The US Military's Hypersonic Weapons Challenge
A series of failures has hampered the United States Air Force’s ARRW program.
The United States Air Force ARRW program is in trouble. An abbreviation of Air-Launched Rapid Response Weapon, the program seeks to field a hypersonic, air-launched weapon for the Air Force. Still, the program has been plagued with developmental issues.
“The ARRW procurement plan has not changed from the fiscal year (FY) 2022 president's budget request. However, the production contract award has been delayed as the team resolves the current launch abort,” a U.S. Air Force spokesperson wrote in a January 19 statement.
“The production decision remains event-driven and will occur after operational utility is demonstrated with a successful all-up-round test flight and a successful production readiness review.”
“The production readiness review evaluates the ability of the suppliers to manufacture and integrate hardware for delivery, and is already under way,” the spokesperson further explained.
What’s in a name?
Hypersonic weapons like the ARRW are boost-glide-type weapons. That is to say, they are dependent on solid rocket fuel to achieve their low-earth orbits, a feature they share in common with intercontinental ballistic missiles.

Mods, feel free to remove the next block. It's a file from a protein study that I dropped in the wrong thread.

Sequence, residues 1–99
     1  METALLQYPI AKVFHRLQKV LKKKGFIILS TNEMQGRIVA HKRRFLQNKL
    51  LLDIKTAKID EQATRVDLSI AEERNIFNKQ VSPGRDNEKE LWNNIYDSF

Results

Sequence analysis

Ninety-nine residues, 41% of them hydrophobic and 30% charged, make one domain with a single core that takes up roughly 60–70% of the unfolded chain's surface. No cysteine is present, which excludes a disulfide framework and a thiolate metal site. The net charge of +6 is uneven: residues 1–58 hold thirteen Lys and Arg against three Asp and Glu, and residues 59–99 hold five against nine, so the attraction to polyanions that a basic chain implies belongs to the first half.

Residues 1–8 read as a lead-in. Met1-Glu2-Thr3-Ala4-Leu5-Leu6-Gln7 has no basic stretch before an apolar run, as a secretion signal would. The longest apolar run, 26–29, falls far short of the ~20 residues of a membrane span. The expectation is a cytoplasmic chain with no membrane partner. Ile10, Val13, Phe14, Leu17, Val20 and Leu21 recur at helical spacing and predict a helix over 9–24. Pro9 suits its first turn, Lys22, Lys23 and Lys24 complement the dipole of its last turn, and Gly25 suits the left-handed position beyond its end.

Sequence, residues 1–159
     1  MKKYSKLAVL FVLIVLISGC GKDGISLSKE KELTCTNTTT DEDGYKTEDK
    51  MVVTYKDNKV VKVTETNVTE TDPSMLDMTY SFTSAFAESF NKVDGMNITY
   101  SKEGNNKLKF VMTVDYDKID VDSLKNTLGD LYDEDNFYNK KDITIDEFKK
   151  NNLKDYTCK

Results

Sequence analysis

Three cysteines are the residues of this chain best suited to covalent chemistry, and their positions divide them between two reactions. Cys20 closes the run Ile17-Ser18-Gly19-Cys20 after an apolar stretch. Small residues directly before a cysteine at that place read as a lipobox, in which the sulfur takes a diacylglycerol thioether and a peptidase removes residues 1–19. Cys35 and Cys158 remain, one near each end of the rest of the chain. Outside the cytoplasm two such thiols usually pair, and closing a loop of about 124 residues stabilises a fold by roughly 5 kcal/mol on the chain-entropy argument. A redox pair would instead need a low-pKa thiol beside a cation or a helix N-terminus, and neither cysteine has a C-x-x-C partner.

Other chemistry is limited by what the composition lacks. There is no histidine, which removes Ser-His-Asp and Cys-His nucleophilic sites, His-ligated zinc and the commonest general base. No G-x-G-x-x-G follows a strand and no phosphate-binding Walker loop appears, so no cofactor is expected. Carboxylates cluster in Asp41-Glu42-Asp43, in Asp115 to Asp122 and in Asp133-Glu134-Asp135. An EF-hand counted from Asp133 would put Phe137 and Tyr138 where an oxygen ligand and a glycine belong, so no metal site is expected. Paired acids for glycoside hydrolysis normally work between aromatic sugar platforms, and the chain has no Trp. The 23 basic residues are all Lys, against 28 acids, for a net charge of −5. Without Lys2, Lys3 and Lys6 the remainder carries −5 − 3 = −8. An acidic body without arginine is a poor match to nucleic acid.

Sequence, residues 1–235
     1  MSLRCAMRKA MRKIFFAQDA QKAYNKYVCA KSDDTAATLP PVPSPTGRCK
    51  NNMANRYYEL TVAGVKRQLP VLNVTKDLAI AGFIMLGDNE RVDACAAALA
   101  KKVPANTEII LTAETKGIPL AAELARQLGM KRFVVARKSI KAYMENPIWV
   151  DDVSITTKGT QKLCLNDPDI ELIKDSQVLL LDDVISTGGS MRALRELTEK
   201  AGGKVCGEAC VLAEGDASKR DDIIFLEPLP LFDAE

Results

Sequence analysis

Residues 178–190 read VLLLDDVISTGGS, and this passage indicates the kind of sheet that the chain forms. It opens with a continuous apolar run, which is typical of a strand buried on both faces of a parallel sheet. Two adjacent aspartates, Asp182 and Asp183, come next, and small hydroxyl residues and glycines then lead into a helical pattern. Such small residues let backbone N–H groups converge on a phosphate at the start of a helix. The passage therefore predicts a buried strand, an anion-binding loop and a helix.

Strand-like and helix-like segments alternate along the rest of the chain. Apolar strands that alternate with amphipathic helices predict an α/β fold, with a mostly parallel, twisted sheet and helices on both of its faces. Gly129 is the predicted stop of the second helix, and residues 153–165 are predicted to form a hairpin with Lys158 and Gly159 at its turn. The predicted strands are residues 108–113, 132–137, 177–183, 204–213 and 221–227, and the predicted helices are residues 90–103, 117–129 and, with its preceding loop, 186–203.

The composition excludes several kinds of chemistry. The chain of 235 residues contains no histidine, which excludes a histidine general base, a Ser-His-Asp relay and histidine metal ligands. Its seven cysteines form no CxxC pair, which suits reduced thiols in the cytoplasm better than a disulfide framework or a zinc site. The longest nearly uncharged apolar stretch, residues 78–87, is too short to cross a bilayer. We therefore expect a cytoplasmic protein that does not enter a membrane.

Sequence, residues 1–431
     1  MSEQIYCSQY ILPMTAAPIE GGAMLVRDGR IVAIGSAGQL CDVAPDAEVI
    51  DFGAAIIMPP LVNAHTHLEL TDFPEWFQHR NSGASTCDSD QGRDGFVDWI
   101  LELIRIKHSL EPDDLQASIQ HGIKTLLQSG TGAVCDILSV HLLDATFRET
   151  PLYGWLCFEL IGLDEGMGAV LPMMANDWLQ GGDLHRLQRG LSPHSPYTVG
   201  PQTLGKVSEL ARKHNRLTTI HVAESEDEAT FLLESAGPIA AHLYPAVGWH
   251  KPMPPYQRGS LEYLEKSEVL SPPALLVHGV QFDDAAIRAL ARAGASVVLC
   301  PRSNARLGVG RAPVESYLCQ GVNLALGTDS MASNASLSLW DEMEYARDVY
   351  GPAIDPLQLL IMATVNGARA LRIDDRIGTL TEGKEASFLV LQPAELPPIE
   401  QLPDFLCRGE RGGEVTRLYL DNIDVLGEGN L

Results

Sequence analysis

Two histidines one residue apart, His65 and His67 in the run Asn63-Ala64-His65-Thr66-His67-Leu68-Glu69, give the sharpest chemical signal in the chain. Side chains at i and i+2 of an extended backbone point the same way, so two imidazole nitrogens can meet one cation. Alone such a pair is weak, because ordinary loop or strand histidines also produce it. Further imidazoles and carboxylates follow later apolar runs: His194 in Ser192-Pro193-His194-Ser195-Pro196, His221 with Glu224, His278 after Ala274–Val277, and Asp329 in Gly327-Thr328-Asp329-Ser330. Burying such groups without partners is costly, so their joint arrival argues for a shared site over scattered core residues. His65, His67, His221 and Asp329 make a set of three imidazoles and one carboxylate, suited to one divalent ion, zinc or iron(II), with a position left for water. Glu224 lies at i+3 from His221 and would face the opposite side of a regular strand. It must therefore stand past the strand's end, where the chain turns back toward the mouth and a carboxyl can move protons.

Once at the correct attitude, weapons like the ARRW glide back down to earth unpowered—though “glide” is somewhat of a misnomer, as these weapons travel at mind-numbingly fast speeds.
And while weapons like the ARRW are unpowered when falling back to earth, they are highly maneuverable, especially during their terminal flight phase. This attribute makes them difficult to defend against, particularly for air defenses optimized for non-hypersonic threats.
Hypersonic air-launched weapons are generally large, necessitating a large platform like a strategic bomber for launch. The ARRW is no exception, though one similar missile, Russia’s Kinzhal, can be carried underneath the fuselage of some fighter jets.
Third Time is Not the Charm
The AGM-183A ARRW has failed three booster flights, and although the Air Force would have liked to begin production of the missile this year, that is increasingly seen as unlikely. Therefore, before the ARRW can complete its first full flight test, the program must successfully complete initial booster flight tests.
The Air Force attributed at least one of the failed booster flight tests to “dumb mistakes,” adding that an improperly attached control surface and an improperly completed pre-flight checklist led to an unfavorable result.
Teasing out errors has been trickier than eliminating operator error. For example, one flight ended in non-fatal disaster when the missile’s engine failed to ignite, causing the missile to crash into the ground.
Hypersonic Arms Race
Both Russia and China have several competing hypersonic missile programs in the works and have achieved several notable successes. This latest fumble should be of concern to both the Air Force and the Department of Defense.
Caleb Larson is a multimedia journalist and defense writer with the National Interest. A graduate of UCLA, he also holds a Master of Public Policy and lives in Berlin. He covers the intersection of conflict, security, and technology, focusing on American foreign policy, European security, and German society for both print and radio. Follow him on Twitter @calebmlarson.